Alexandros Papadiamantis (1851-1911) was born and raised on the Aegean island of Skiathos, the setting not only of The Murderess but of many of his short stories, literary sketches, and novels. His mother was a descendent of an established local family and his father was a Greek Orthodox priest. As a young man, Papadiamantis spent seven months in a monastery and studied philosophy at the University of Athens before taking up a career as a journalist and translator. He enjoyed popular success as the author of historical adventure novels like The Gypsy Girl (1884), which were serialized in daily newspapers, but it was not until he turned to writing short stories and novellas that he gained critical recognition. Though a heavy drinker and smoker, Papadiamantis was devout, poor, and solitary, known as the saint of modern Greek literature. He lived in Athens rooming houses until 1908, when he returned to Skiathos. Two years later, he died of pneumonia.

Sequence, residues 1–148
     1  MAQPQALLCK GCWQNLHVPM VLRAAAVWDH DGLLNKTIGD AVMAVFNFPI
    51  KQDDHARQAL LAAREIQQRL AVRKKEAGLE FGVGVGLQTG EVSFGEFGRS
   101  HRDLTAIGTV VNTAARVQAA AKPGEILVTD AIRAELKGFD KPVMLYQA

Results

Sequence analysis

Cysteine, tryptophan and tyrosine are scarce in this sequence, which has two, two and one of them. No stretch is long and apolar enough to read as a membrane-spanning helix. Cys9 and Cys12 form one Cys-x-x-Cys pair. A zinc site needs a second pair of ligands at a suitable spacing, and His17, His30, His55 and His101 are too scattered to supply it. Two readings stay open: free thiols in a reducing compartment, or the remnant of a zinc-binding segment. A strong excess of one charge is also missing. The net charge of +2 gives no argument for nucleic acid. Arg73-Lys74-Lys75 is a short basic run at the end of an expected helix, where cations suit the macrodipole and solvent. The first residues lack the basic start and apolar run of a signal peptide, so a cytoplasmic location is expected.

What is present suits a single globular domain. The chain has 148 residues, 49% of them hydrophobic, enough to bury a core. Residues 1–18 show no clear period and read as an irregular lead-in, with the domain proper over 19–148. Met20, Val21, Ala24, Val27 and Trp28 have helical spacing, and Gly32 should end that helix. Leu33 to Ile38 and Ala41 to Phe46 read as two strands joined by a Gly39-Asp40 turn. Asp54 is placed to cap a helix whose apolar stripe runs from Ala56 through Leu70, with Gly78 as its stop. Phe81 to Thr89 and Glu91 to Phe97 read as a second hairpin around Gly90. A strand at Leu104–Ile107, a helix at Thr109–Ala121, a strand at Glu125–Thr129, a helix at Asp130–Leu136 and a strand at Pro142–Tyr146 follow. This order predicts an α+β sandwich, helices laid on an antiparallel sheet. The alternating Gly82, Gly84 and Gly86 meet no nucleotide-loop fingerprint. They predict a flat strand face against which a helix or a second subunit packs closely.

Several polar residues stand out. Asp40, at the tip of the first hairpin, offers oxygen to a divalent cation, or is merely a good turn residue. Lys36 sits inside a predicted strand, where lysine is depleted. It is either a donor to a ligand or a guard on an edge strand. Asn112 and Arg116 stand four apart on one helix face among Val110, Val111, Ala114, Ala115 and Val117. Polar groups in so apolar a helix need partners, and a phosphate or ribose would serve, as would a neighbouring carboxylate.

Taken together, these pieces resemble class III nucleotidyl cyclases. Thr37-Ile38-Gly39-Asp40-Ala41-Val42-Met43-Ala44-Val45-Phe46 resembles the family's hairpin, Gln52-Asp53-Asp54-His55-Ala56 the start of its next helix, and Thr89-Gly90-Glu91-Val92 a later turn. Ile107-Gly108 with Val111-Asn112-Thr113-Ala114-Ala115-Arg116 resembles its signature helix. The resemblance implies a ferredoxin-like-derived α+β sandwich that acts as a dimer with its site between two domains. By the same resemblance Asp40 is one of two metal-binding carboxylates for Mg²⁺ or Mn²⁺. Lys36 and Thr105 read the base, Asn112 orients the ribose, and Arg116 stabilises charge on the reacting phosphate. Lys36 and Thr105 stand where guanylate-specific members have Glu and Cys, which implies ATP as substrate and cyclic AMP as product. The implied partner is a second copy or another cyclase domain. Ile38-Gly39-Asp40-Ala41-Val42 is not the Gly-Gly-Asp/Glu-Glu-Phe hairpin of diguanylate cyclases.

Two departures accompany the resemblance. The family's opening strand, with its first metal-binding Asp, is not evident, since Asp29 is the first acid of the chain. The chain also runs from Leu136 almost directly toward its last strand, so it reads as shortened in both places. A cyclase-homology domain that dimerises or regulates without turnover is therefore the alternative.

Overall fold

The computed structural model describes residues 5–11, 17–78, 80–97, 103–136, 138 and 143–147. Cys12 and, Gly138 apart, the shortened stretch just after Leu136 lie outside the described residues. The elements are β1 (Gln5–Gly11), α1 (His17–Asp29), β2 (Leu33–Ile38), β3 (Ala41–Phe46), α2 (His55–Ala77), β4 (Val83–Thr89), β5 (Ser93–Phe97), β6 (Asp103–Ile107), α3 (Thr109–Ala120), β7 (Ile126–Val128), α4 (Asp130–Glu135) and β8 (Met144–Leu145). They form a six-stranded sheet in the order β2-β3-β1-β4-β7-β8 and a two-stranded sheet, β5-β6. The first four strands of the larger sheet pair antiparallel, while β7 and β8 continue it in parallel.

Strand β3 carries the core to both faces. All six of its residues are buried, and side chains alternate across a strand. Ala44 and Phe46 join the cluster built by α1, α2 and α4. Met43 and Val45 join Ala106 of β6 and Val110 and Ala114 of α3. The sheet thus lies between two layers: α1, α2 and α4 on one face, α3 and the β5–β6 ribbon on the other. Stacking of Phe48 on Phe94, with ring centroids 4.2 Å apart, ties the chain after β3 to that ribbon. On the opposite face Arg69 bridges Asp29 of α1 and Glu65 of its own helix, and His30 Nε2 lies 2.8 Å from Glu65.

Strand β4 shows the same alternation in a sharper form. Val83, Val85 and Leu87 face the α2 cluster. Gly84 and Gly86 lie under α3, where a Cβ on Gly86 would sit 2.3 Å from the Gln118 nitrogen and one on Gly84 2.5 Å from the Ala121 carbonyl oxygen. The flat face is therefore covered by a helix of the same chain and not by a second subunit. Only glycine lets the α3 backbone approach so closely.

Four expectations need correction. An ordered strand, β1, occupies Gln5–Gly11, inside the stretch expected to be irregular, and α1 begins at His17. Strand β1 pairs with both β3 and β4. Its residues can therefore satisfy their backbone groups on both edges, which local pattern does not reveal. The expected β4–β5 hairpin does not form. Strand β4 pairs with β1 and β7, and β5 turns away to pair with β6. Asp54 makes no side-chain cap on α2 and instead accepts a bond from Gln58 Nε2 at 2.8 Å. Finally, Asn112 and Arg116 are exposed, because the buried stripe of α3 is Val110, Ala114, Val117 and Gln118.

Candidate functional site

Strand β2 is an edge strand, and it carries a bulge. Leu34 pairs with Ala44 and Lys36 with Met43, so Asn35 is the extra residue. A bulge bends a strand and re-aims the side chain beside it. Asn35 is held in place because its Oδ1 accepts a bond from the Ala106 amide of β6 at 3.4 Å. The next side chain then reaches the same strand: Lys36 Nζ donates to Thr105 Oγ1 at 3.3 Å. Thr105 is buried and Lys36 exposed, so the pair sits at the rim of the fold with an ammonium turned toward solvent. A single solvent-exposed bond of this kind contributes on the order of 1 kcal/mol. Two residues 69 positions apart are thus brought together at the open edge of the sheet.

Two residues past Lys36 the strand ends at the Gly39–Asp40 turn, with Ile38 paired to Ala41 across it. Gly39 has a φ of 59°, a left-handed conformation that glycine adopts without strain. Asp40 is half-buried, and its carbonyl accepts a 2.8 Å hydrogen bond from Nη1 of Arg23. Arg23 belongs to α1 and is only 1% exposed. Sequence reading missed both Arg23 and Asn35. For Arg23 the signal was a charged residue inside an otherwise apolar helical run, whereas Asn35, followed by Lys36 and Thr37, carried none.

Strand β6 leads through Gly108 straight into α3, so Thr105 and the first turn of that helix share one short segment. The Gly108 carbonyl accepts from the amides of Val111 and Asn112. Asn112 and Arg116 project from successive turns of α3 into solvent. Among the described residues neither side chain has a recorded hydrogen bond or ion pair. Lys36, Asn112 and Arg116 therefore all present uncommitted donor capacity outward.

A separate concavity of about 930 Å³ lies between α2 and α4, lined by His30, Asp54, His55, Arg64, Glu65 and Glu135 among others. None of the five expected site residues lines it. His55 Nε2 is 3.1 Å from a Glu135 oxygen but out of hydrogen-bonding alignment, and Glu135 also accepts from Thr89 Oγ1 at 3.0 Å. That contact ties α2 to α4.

To be born poor and female on the wretched Aegean island of Skiathos is a fate worse than death, or so old Hadoula has come to believe. In this beautiful and astonishing novella, the father of modern Greek fiction shows what happens when she takes matters—literally—into her own hands.